By Gina Macris
Rhode Island’s developmental disability budget for the next fiscal year includes assurances that aa total of $9.1 million in Medicaid money will be spent to raise pay for direct support workers and to begin transforming the state’s system of services for those with intellectual challenges.
Shortly after 1:30 am on Saturday, June 18, The Senate approved total developmental disability funding of $246.2 million beginning July 1 in concurrence with the House vote taken Wednesday. That total, almost all of it state and federal Medicaid funds, is nearly $15.4 million more than the General Assembly approved last year at this time for the current budget, which closes on June 30.
New budget language ensures that $4.5 million in state revenue earmarked for worker raises and performance-based contracts can’t be used for anything else in the overall appropriation of the Department of Behavioral Healthcare, Developmental Disabilities and Hospitals (BHDDH) in the fiscal year that begins July 1.
The language is significant. In the recent past, as much $9 million has been budgeted in a single year to raise the wages of some 4,000 workers who provide direct support services, but the money has gone instead to help close deficits in the BHDDH budget.
The workers make an average of about $11.50 an hour, often less than the clients they support in jobs in fast food restaurants. Many of the direct support staff receive public assistance, according to testimony presented to the House and Senate finance committees during the current legislative session.
The big difference between this year and past legislative sessions has been a federal court case aimed at enforcing a 2014 consent decree in which Rhode Island agreed to transform sheltered workshops and segregated day programs into a community-based system of services over a 10-year period. The decree settled a U.S. Department of Justice investigation that found the sheltered workshops violated the integration mandate of the Americans with Disabilities Act and the 1999 so-called Olmstead decision of the U.S. Supreme Court which clarified that requirement.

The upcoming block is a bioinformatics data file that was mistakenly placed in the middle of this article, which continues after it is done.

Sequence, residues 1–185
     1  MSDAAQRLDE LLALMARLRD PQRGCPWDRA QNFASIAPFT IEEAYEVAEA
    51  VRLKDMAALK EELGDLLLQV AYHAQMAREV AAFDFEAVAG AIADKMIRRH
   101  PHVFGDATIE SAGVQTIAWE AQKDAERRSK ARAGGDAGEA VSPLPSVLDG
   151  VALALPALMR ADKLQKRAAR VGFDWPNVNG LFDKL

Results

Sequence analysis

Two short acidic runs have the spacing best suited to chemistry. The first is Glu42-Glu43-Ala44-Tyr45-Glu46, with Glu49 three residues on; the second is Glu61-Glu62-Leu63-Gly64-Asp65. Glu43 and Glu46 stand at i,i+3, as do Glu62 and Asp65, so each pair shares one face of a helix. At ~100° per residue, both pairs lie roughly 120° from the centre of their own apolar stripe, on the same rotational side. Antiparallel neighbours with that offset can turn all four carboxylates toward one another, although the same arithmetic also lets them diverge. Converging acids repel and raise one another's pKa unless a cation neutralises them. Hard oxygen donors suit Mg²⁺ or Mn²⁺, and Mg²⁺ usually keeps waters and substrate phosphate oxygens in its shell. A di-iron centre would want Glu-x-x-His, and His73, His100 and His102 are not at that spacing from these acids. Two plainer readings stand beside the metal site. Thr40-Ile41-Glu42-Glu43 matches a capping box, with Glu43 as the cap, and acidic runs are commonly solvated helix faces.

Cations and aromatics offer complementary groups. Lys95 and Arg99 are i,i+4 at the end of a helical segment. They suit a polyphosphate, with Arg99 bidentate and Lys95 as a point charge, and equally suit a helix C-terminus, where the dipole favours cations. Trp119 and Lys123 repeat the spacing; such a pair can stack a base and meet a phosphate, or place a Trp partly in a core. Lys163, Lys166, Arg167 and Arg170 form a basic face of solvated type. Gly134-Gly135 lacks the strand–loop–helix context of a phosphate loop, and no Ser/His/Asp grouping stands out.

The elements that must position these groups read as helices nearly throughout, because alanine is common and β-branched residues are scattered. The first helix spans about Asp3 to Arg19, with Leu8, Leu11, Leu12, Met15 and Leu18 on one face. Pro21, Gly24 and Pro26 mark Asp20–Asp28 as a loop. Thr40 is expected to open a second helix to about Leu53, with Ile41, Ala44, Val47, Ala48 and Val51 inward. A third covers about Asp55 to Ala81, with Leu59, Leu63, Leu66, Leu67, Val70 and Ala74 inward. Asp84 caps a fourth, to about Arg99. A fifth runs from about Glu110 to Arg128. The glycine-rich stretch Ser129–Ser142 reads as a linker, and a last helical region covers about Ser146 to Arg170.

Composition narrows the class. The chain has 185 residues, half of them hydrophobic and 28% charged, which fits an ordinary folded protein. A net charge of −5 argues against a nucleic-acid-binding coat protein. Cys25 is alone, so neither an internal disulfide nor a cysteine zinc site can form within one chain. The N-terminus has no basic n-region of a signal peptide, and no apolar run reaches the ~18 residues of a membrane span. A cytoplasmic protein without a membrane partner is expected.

In late January of this year, Judge John J. McConnell, Jr. of U.S. District Court became actively involved in monitoring the state’s compliance with the consent decree. In May, he issued an order putting the state at risk for contempt if it does not meet any one of nearly two dozen specific goals.
One of the requirements in the order is that the state adopt increased funding sought by Governor Gina Raimondo for developmental disabilities in the next fiscal year “in order to fund compliance with the Consent Decree.” The order does not mention a specific dollar amount.
Several other requirements in the order collectively set an August 1 deadline for implementing appropriate raises for direct support staff, regular supervision of workers, and a pilot group of performance-based contracts for supported employment services.
It’s not yet clear how much money the raises will add to the workers’ pay, or what the incentives will be in the performance-based contracts.
Initially, Raimondo’s budget proposal included a little more than $5 million for raises of 45 cents an hour, but that sum was not considered enough to provide performance initiatives to the private agencies that provide most of the developmental disability services in Rhode Island. .
After improved state revenue projections in May, Raimondo added another $4 million to wages and other increases to providers. .
Raimondo sought protective language to segregate state revenue budgeted for pay increases for developmental disability workers, but that wording was eliminated in the budget passed by the House Finance Committee.
Sometime before the June 15 vote on the House floor, however, new and more detailed language was inserted, a House spokesman confirmed Friday night.
The new language says that $4.5 million of general revenue “shall be expended on private provider direct support staff raises and associated payroll costs to include targeted increases associated with performance-based contracting and system transformation incentives” authorized by BHDDH.
Because funding for developmental disability services is part of the state’s Medicaid program, the $4.5 million in state revenue set aside for raises would be matched by federal funds, for a total of slightly more than $9 million..
Raises also must be approved by the Office of Management and Budget and the Executive Office of Human Services, according to the budget language. Changes in reimbursement methods must be approved by the Governor’s office and OMB.